Basically READ operations dominate processor cache accesses since many of the instruction accesses are READ operation’s and most instructions do not WRITE into memory. When the address of the block to be READ is available then the tag is read and if it is a HIT then READ from it.
In case of a miss the READ policies are:
- Read Through - Reading a block directly from main memory.
- No Read Through - Reading a block from main memory into cache and then from cache to CPU. So we even update the cache memory.
Basically a Miss is comparatively slow because they require the data to be transferred from main memory to CPU which incurs a delay since main memory is much slower than cache memory, and also incurs the overhead for recording the new data in the cache before it is delivered to the processor. To take advantage of Locality of Reference, the CPU copies data into the cache whenever it accesses an address not present in the cache. Since it is likely the system will access that same location shortly, the system will save wait states by having that data in the cache. Thus cache memory handles the temporal aspects of memory access, but not the spatial aspects.
Accessing Caching memory locations won't speed up the program execution if we constantly access consecutive memory locations (Spatial Locality of Reference). To solve this problem, most caching systems read several consecutive bytes from memory when a cache miss occurs. 80x86 CPUs, for example, read between 16 and 64 bytes at a shot (depending upon the CPU) upon a cache miss. If you read 16 bytes, why read them in blocks rather than as you need them? As it turns out, most memory chips available today have special modes which let you quickly access several consecutive memory locations on the chip. The cache exploits this capability to reduce the average number of wait states needed to access memory.
It is not the same with Cache WRITE operation. Modifying a block cannot begin until the tag is checked to see if the address is a hit. Also the processor specifies the size of the write, usually between 1 and 8 bytes; only that portion of the block can be changed. In contrast, reads can access more bytes than necessary without a problem.
The Cache WRITE policies on write hit often distinguish cache designs:
- Write Through - the modified data is written back to both the block in the cache memory and in the main memory.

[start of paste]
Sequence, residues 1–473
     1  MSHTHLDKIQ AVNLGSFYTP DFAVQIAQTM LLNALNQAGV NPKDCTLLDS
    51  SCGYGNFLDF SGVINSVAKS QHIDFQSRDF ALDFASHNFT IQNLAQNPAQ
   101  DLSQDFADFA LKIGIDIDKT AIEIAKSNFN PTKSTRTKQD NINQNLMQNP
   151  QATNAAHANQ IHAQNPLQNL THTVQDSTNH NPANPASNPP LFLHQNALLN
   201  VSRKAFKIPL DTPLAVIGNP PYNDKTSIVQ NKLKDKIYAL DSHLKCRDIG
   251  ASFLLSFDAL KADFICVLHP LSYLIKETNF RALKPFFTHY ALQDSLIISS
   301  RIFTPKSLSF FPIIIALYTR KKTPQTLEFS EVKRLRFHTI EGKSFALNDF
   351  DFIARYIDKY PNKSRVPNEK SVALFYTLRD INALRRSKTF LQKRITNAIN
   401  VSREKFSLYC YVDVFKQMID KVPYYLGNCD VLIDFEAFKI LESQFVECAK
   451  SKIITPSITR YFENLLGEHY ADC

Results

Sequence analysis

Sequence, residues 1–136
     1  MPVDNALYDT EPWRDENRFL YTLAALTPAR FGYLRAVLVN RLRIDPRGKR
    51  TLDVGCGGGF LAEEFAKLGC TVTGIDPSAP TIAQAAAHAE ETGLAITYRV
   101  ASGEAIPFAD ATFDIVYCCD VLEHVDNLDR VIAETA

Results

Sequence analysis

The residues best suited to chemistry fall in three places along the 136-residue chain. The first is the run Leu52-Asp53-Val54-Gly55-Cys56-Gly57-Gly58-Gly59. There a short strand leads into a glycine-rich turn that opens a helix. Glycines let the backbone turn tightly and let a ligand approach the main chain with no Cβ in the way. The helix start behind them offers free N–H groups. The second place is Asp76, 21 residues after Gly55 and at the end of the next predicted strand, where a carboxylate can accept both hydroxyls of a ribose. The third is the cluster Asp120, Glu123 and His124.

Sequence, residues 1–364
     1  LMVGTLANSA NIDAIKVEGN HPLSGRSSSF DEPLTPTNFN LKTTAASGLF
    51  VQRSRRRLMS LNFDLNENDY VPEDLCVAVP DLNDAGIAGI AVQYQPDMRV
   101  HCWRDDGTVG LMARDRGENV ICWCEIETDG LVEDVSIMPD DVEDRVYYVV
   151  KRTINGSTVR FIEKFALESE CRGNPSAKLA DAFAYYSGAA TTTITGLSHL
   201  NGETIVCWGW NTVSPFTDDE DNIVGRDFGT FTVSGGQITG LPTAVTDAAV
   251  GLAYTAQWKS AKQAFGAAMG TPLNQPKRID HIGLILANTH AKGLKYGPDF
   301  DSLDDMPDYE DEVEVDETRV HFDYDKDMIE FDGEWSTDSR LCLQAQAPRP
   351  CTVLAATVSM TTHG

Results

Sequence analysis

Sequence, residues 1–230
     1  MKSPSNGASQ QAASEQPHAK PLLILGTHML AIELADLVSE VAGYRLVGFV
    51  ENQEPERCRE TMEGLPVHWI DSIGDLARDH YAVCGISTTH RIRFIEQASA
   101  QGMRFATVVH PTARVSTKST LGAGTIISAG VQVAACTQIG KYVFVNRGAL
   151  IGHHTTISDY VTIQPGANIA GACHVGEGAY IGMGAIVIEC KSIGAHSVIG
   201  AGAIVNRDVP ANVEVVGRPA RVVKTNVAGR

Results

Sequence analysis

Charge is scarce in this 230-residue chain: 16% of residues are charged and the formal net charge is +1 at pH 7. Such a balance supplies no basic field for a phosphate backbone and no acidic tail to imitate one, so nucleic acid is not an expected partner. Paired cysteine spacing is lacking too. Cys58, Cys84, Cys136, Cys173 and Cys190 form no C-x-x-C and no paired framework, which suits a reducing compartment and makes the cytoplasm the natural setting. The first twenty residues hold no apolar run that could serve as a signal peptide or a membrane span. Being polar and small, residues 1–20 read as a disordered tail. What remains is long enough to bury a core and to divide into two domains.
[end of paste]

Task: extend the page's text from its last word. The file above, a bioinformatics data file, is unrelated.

1. READ miss never results in writes to main memory.
2. Easy to implement
3. Main Memory always has the most current copy of the data (consistent)
1. WRITE operation is slower as we have to update both Main Memory and Cache Memory.
2. Every write needs a main memory access as a result uses more memory bandwidth
- Write Back - the modified data is first written only to the block in the cache memory. The modified cache block is written to main memory only when it is replaced. In order to reduce the frequency of writing back blocks on replacement, a dirty bit (a status bit) is commonly used to indicate whether the block is dirty (modified while in the cache) or clean (not modified). If it is clean the block is not written on a miss.
1. WRITE’s occur at the speed of the cache memory.
2. Multiple WRITE’s within a block require only one WRITE to main memory as a result uses less memory bandwidth
1. Harder to implement
2. Main Memory is not always consistent with cache reads that result in replacement may cause writes of dirty blocks to main memory.
- Write Allocate - the memory block is first loaded into cache memory from main memory on a write miss, followed by the write-hit action.
- No Write Allocate - the block is directly modified in the main memory and not loaded into the cache memory.
The data in main memory being cached may be changed by other entities, in which case the copy in the cache may become out-of-date or stale. Alternatively, when the CPU updates the data in the cache, copies of data in other caches will become stale. Communication protocols between the cache managers which keep the data consistent are known as cache coherence protocols.